Live Animals 2009 Horror Movie Review
Horror movies Review
Below is my three star film review of filmmaker Jeremy Benson’s fine horror entry:
It’s a business. The businessmen catch their prey holding them just long enough to peddle them to a middle man. And if the over-sexed, drunken animals live long enough, they get boxed up and shipped abroad by boat where they eventually become a plaything for God knows who. It’s all business—an entrepreneurial enterprise representing the best and worst capitalism has to offer. The business of live animals. And those animals just happen to be our children.
No doubt a metaphor for the handling and abuse of wild animals, or a riff on human trafficking, director Jeremy Benson has made a horror film that will be PETA approved. This blood-soaked saga is one of the better entries in the sagging and tarred dramatic horror sub-genre often unfairly labeled “torture [**].” Unlike the recently released offensive remake “The Last House on the Left,” the smartly titled “Live Animals” is (to turn out a pun) a cut above. Like early Wes Craven and John Carpenter entries (think the original “Last House” or “Assault on Precinct 13”), Benson’s film rams full-tilt into an often gory but strangely logical world where human beings are bartered like cattle. A sharp, well-edited film, “Live Animals” should finally give the Memphis filmmaker his big break. Film world, let me be one of many to introduce Jeremy Benson!
Starring Craig Brewer alum and Memphis actor John Still in the pivotal role of Wayne, an insidious human trafficker, “Live Animals” puts a new spin on familiar material. After introducing us to Wayne, we meet brother and sister, Nick (Christian Walker) and Erin (Jeanette Comans). Erin is clearly depressed over a recent breakup, and caring sibling Nick encourages her to get over it by “getting under someone.” A raunchy party ensues, but as the teens drink and screw, dark forces spy on them through a telephoto lens. And when the party winds down, the teens find themselves hunted by a dart gun weilding, diabolical trapper named Edgar (Patrick Cox). Benson smartly front loads his story with the traditional slasher type sequence even having his mammoth villain don a sinister mask clearly an homage to Carpenter’s classic “Halloween.”
After a well-paced chase and eventual capture, the surviving teens find themselves chained to stalls in a large horse-barn. Benson makes maximum use of the tight confines of a normally serene and pleasant place where horses are lodged turning it into staging ground for horror and villainy. Having already been made aware of the brawn, we quickly learn that the brains behind the operation is the grandfatherly Wayne (Still), who establishes his dominance over his prisoners in a gruesome scene. Let’s just say that gore fans will be pleased, and tongues everywhere will be quiver in fear.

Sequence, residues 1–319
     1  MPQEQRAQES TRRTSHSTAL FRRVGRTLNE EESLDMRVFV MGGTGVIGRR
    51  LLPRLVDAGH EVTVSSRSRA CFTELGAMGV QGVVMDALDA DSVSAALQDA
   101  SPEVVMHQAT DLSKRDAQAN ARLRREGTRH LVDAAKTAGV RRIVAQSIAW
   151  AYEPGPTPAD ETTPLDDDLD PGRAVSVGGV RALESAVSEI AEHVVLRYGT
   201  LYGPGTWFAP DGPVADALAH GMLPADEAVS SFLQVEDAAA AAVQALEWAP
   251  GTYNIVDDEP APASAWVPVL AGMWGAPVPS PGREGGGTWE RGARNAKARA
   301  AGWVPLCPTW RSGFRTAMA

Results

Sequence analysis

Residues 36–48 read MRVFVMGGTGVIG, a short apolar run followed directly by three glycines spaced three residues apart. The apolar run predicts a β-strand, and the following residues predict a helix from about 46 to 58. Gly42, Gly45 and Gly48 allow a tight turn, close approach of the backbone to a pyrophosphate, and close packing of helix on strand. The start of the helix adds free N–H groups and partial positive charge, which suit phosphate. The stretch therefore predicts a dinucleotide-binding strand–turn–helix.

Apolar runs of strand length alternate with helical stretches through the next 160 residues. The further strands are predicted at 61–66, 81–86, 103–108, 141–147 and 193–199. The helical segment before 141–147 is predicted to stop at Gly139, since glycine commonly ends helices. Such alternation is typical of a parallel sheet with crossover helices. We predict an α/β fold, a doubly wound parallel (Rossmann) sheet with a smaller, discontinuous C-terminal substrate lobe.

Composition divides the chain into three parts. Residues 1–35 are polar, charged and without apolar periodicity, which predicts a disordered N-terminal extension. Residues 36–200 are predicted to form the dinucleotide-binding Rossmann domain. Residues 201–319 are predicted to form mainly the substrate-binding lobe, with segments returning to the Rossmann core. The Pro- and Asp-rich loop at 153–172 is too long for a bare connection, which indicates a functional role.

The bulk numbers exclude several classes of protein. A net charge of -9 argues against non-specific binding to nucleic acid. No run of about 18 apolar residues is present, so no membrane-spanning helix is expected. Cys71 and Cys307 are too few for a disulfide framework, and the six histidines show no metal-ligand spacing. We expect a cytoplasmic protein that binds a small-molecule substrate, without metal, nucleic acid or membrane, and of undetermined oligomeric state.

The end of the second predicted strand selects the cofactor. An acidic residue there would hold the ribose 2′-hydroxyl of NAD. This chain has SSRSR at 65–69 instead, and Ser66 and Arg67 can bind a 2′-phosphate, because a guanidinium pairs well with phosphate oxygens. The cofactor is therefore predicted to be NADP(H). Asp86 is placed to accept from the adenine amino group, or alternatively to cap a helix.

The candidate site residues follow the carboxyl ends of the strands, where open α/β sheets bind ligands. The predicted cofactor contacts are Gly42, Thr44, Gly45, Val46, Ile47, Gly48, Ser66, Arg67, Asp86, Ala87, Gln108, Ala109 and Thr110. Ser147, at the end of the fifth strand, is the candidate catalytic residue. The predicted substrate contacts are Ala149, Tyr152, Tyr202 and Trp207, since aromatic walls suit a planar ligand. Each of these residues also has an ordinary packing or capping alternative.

The story tightens as more and more details come out: Wayne is a player in a human slavery operation. And in one excellently paced and creepy scene, he sells one of the teens to a scary merchant named Amell (played by Bill Painter). Amell inspects the captives like one would a horse or a prized steer, and the coldness of this scene will resonate more with audiences than any of the bloody events that follow. And Benson luckily gets a splendid performance out of Painter, whose accent sets his character apart from Still’s country twangish portrayal of Wayne. Adding an eerie prop, that of a walking stick, Painter makes the merchant an insidious classic baddie. And like Wayne, this merchant has brought with him muscle equipped with appropriate bondage gear. Methodically, Edgar and Amell’s henchman go about their duties—they’ve clearly done this before. And the scene has a chilling vibrance as nail after nail closes the box around the trembling child. Benson artfully utilizes a classical sounding score and intercuts shots of the fearful captives as they watch in horror as one of their own is crated. This is impressive work in a film this small.
Shot on digital video, ““Live Animals” looks better than anything Benson’s done before (this is his 5th feature). Clearly, he and his team spent many, many hours tweaking color and working the frame rate (I’m assuming the original negative here was in 24 progressive). The colors are warm with heavy contrast that most fans of smaller budgeted horror will appreciate. Although much of the film takes place in low light, the details are clear and sharp. Folks familiar with limitations of digital video will find the image pleasing and film-like. But as much as filmmakers may want a visual look that approximates film, given video’s growing dominance (I recently endured the first 2 plus hours of Soderbergh’s “Che” shot on the RedOne), I suspect that most filmgoers will have great difficulty telling the formats apart. It is enough that “Live Animals” looks uniform and rich.
Having been introduced to writer/director Jeremy Benson years ago by EI’s Rusty White, I’ve not always been complimentary of his efforts. And I know he’s not been particularly happy with my opinions. It has been my observation in the past that his ambition has consistently robbed his films of complete success, because he often populates his stories with large, untrained casts and complex story-lines placing too many demands on his talent and equipment. Benson may be a budding horror auteur but his origins are dramatic mature narratives. And Benson shows with “Live Animals” that he can take something derivative and even gimmicky and make it interesting and entertaining. “Live Animals” is more than just another low budgeted horror film, it marks a major accomplishment and should give hope to wannabe filmmakers everywhere. Benson has just kept chugging along making sincere films, each time sharpening his skill. And that skill, which I’ve never doubted, can finally be appreciated by others. Jeremy, your time has come.